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Ice Hotel in Sweden, Hallway

First things first: There was a wave of disappointment to be dealt with when I arrived at the Ice Hotel in Jukkasjärvi, Sweden. One hundred and twenty-five miles north of the Arctic Circle, it was a location that held otherworldly promise, the kind of place where the Northern Lights are commonplace and you can get to the airport via dogsled.

I’d assumed that staying at the much-fabled Ice Hotel meant staying at the Ice Hotel. I was expecting a Star Wars-esque situation — alien beings slinking through the lobby in white mink hats and red lipstick, the Mos Eisley Cantina transplanted to the ice planet of Hoth.

When our van pulled onto the grounds, though, the first thing I saw was a brick-and-mortar hotel that wouldn’t have been out of place outside of Cleveland. As it turns out, while most guests stay on the Ice Hotel’s grounds for a few days, they typically spend just one night in a room actually made of ice. Even then, they have an assigned changing room with showers and toilets in the “warm” building.

My disappointment was mostly in principle, since my visit was a whirlwind one-nighter during which I flew up from Stockholm in the morning, iced myself for the night and flew back the following afternoon. In this sense, my Ice Hotel experience was pure in a way that most are not: No warm quarters for me.

During the day, the Ice Hotel functions as an art gallery, with each room designed by a different artist. All are open for viewing, along with the cathedral-like main hall, bar and chapel. (In the destination-wedding race, this comes out near the top.) There are very few doors in the Ice Hotel — hinges being a real challenge — so guests are encouraged to wander freely, oohing and ahhing, taking photos.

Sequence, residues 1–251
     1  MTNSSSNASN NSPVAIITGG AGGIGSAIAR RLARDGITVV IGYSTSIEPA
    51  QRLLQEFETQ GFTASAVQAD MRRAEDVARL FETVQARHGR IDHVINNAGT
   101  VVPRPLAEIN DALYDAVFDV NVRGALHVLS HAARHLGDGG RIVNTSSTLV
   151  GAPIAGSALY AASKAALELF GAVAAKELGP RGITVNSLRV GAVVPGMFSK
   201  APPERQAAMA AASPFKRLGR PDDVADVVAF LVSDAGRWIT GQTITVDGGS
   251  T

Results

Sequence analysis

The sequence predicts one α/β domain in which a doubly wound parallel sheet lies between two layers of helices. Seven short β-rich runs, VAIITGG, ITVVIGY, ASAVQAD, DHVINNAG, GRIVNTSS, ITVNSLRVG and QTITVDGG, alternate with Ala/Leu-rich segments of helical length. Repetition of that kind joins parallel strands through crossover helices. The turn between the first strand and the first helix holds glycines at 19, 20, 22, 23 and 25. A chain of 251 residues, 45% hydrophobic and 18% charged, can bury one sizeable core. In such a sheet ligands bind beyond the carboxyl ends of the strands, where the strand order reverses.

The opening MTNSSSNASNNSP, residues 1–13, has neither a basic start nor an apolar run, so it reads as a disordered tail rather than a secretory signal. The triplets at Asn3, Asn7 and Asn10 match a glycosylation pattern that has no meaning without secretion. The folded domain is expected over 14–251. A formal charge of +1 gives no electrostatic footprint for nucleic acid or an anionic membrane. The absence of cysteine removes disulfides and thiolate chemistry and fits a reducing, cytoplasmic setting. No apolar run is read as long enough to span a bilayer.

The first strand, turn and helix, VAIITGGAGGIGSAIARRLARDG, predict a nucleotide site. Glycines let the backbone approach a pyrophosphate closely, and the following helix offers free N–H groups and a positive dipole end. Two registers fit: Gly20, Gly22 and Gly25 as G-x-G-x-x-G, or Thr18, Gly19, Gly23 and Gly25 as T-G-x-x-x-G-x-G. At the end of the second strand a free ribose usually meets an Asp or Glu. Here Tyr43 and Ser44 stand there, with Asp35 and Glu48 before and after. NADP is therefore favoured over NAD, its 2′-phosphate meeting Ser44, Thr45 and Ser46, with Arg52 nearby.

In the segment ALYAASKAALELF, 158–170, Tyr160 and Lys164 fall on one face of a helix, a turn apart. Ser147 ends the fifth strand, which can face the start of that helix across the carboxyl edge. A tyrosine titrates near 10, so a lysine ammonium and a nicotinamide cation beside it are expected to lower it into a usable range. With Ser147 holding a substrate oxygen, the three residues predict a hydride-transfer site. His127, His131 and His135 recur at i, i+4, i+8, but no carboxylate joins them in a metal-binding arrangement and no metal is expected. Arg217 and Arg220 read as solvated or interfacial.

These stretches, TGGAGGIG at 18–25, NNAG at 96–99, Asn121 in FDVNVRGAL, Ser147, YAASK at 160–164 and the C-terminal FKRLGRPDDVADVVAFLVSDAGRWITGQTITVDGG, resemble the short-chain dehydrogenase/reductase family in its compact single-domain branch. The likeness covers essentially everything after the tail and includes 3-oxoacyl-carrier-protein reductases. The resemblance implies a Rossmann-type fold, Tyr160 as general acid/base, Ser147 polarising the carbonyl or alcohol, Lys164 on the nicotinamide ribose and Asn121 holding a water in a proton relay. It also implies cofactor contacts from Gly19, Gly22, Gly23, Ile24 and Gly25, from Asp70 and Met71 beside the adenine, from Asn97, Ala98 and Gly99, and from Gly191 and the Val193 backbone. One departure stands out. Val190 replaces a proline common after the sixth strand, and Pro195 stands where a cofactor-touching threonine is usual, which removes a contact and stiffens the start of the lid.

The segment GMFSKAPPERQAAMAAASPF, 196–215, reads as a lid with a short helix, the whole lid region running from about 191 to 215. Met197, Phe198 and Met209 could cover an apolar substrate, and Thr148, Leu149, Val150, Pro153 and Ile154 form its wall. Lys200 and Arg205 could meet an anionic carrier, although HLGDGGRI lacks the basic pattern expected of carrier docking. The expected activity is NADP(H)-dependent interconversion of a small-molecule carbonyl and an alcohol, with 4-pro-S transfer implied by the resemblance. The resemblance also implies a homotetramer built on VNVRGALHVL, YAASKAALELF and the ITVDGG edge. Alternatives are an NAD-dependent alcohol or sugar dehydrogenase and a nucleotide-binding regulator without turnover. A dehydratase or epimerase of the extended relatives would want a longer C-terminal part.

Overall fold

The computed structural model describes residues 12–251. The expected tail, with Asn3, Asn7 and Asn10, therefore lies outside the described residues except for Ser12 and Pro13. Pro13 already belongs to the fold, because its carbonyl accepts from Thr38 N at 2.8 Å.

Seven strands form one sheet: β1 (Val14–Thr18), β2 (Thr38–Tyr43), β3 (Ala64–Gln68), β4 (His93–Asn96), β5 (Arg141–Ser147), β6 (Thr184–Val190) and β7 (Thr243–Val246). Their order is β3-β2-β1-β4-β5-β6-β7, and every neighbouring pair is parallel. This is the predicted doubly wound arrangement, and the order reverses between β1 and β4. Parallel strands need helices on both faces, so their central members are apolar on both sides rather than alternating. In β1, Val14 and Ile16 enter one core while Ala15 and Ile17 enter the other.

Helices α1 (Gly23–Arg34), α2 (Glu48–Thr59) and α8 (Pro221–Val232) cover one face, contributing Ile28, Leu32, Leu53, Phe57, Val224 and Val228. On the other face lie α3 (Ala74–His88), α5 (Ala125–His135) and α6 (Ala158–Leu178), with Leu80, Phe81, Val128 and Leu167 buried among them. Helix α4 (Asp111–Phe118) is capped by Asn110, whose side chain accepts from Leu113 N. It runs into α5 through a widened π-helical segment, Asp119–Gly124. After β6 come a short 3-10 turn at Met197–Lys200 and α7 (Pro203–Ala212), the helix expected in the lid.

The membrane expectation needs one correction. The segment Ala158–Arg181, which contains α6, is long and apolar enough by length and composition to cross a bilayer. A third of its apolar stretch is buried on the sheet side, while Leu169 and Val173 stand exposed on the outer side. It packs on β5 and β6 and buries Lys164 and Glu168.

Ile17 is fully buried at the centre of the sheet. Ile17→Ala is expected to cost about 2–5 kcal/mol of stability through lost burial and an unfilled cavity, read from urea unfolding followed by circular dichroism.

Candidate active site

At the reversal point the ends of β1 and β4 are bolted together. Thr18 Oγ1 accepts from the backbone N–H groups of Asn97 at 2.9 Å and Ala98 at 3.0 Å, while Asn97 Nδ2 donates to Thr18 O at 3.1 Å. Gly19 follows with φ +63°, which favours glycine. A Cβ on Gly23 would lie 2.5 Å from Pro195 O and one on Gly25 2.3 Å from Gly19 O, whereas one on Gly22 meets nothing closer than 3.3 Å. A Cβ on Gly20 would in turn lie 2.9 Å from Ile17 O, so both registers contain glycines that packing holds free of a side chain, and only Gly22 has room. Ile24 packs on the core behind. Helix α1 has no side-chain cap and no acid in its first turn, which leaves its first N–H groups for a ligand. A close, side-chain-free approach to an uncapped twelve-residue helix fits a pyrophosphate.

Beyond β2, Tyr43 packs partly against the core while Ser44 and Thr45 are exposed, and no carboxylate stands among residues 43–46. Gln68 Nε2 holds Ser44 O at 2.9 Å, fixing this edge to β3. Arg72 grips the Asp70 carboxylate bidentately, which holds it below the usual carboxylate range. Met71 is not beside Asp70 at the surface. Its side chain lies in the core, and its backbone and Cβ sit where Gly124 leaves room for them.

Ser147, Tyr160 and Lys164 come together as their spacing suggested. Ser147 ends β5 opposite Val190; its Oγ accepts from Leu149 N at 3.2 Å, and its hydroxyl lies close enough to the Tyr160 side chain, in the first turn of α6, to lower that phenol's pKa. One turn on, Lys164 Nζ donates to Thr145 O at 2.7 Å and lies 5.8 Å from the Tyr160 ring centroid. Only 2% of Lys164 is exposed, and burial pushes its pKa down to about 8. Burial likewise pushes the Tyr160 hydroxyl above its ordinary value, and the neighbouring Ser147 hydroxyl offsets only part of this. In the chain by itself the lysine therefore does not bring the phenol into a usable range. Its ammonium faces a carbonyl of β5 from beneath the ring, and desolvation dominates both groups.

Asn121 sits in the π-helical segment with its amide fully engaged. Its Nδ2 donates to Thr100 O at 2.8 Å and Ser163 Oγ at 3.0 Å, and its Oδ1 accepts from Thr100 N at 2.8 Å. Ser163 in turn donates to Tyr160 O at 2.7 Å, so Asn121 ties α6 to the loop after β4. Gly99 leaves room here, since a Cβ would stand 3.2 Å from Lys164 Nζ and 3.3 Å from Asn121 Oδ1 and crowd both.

Check-in time begins at 6 p.m., but I was too busy at the Ice Bar. Here, wearing snowsuits and enormous mittens on loan from the hotel, I sipped variations on Absolut vodka, using my two bear paws to grip a glass made of the hotel’s signature material. I sat on an ice banquette, and set my drink down on an ice table. The drinking made sense — if I were going to sleep in the unmitigated temperatures of northern Sweden in March,I wasn’t sure I wanted to do so sober.

Still, I stopped well ahead of my limits, and retired to my room at 10. The aversion to being woken by a need to pee — toilets are in the warm building — was stronger than my wish to blunt the cold with vodka.

Inside my room, shielded for privacy with just a hanging curtain, my bed’s base (made of, you know, ice) was topped by a straw mattress and a local reindeer hide, known to be one of the most insulating materials on earth. On top of that was a sleeping bag built to preserve warmth in temperatures as cold as -4 degrees Fahrenheit. Tucked inside my cocoon, only my face exposed to the air, I lay on my back, waiting to see how it felt. To my surprise, I’ve never felt cozier, perfectly warm down to my pinky toe and gazing out at the curious blue refractions of light all around me.

I slept in those monstrous gloves, thermal underwear, thick wool socks and a hat. I wouldn’t call it my soundest night of sleep ever, but it was actually one of the most enjoyable. When I woke periodically throughout the night, it was with curiosity and I was glad I’d done so. I wanted some waking moments in here, too.

At 7:30 a.m., hotel staff woke me with a steaming cup of hot lingonberry juice — a Swedish specialty familiar with Ikea regulars. After raising my core temperature a few degrees, I awkwardly extracted myself from the sleeping bag, returned my feet to their boots and pottered out of the Ice Hotel. I’m sure I took a shower in the warm building that morning, but I don’t remember it.